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#RealMoneyTalk: Moving from FOMO to JOMO

Real Money Talk


Having FOMO (fear of missing out)? Let’s be honest, we’ve all experienced FOMO at one point in our lives.  

Having FOMO, especially when it has to do with money and the activities your friends take part in is hard to shake off. Social media doesn’t help either– there’s everything from pictures of lavish vacations to people posting what they’re up to, essentially saying “hey, look at how much fun I’m having!” or “‘look at this thing I bought!” 

Instagram is our highlight reel where we carefully craft how we want the world to see us, even if it’s not entirely accurate. We give in to impulse spending and end up building debt, which can drain our accounts pretty hard. 

If you’re anything like me, you’re focused on spending less and paying off debt. Here are some of my free and favorite ways to swap FOMO for JOMO– the joy of missing out. Of course, there will always be things we have to say yes to and learning how to be fine with missing out takes some practice. The key here is to embrace JOMO, which is easier than you think! Here are three ways to get started: 

Just Log Off

Social media can often make life feel a lot like a never-ending competition. Who’s having the most fun? Who just tried out the latest fitness class? Who wore the newly released sneakers first? We’ve all been there. This often leads to spending money in order to look like you’re living your best life. In fact, according to Trustpulse, 48% of millennials have spent money they didn’t have to keep up with friends. 

After living through this cycle of constantly feeling like I have to one-up everyone else, I did something that not many remember to do– I logged out of my accounts. Now, I’m not saying to log out and delete everything. What I am saying is to block out a few hours to spend offline without worrying about what your friends are up to. Pro tip: Put your phone on Do Not Disturb. Nobody needs to be tempted by the FOMO triggers on Instagram. 

Admittedly, this won’t be the easiest thing to do. Many of us are dependent on our favorite platforms and are used to mindlessly scrolling down our feed, but trust me, you’re not missing out on anything in the time you’re away. With time, you’d be surprised at how effective this is in helping you embrace the joy of missing out, try it! 

Have Some Me Time 

Don’t confuse loneliness with spending time alone. Instead of going out to attend an acquaintance’s huge birthday bash, put on your favorite movie, make some comfort food and spend a cozy night in. When we’re talking about “me time”, make sure you spend it fully with yourself. Remember what I said about logging off? This would be the perfect time to put it to use.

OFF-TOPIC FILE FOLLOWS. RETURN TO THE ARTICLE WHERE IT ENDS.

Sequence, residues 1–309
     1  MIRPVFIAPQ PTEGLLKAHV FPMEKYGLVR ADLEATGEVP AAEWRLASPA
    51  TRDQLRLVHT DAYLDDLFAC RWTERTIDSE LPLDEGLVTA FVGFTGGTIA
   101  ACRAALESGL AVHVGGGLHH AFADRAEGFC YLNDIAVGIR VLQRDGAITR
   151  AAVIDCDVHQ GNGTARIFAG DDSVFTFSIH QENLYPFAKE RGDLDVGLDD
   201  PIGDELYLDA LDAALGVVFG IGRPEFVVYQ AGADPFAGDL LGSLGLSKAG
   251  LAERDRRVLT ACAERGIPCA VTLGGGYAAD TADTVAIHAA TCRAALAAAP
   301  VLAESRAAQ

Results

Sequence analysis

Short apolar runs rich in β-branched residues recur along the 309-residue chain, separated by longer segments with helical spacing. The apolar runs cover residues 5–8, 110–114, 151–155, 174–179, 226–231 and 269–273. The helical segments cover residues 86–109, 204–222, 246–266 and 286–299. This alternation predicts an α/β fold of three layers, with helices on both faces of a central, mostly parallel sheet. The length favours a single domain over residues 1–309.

Make the most out of your me time to unwind, reflect and focus on your personal growth. Personally, I allocate about one night every month to kick back and journal. I’ve found that journaling helps me reflect on my priorities and set attainable goals. 

This time can also be doubled up for you to have a #RealMoneyTalk with yourself. Write about what goals you actually want to focus on – whether that’s paying off debt, improving your credit score, buying a new car or putting money away for retirement. If you’re staring at a blank page with a pen in hand not knowing where to start, use my favorite prompts to get your own self-reflection journey going: 

What is my biggest barrier in clearing my debt? 

  • Where do I want to be financially two years from now? 
  • What are some side hustles or passion projects I can take on to have some extra income? 
  • What are my spending triggers

These are just starting points so you can begin reflecting and setting goals. Being honest with yourself and knowing where you are with your goals (including your money goals!) can be reassuring and its own form of self-care. Put your pen to the page and give it a try – you’ll likely feel more productive after too. 

Practice Saying No 

Let’s face it– we all have a hard time saying no to invitations. Nobody likes getting rejected and you don’t want to be that person who doesn’t show up to a team dinner. While I’m not encouraging you to turn down every opportunity thrown at you, I’m asking you to consciously choose what really matters. Set boundaries with yourself. After all, time is money, so think about how much money you’re saving by choosing to skip an event and stay in. 

Don’t worry about judgment from your peers. Good friends should understand each other’s priorities and sometimes that just means missing an event or two or staying in! You can also suggest inexpensive, fun activities with friends that don’t have to cost a ton. Whether it’s having a chill movie night, going on a hike or having a picnic, there’s plenty of ways to enjoy time with friends without hurting your wallet over it. 

So, say yes to the events that matter and be confident enough to say no to those that don’t. Embrace the JOMO! By now, you’ve realized that JOMO is really about using your time however YOU want. There are a ton of different things that can be a form of self-care and you need to figure out what works best for you. Embrace it and enjoy the financial and mental health benefits that come from feeling the joy of missing out. Remember, more financial knowledge could mean more money in your pocket, so you can afford to do more of what truly matters to you. 

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